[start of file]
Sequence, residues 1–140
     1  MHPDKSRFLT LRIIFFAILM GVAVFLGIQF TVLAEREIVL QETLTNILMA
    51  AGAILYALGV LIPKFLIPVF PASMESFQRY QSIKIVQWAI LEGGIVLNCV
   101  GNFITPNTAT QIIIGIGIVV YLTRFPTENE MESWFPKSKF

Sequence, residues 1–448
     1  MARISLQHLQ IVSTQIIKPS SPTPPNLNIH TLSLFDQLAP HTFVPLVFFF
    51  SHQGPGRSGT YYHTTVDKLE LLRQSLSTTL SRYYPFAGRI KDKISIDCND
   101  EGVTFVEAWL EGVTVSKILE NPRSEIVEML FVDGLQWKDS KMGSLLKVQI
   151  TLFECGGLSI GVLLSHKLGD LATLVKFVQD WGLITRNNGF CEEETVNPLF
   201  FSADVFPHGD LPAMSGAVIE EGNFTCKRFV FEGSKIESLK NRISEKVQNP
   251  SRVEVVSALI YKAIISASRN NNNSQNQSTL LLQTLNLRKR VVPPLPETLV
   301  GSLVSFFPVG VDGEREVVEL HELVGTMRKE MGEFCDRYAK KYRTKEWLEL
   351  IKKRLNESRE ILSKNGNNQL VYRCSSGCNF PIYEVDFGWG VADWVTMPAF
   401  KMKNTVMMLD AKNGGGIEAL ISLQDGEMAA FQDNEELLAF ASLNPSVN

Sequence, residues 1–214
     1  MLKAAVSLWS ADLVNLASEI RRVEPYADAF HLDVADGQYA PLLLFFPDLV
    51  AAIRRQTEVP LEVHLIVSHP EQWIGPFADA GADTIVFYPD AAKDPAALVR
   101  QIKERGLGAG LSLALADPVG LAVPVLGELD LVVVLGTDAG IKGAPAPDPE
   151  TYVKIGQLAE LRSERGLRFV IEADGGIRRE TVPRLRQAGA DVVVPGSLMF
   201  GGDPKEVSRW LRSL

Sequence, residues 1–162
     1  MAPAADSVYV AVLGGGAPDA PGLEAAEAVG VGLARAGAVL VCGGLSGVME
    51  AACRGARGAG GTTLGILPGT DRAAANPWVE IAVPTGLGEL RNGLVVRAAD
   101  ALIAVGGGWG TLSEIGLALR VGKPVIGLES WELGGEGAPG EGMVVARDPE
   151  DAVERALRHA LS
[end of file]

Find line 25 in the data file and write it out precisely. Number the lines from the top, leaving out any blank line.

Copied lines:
   151  DAVERALRHA LS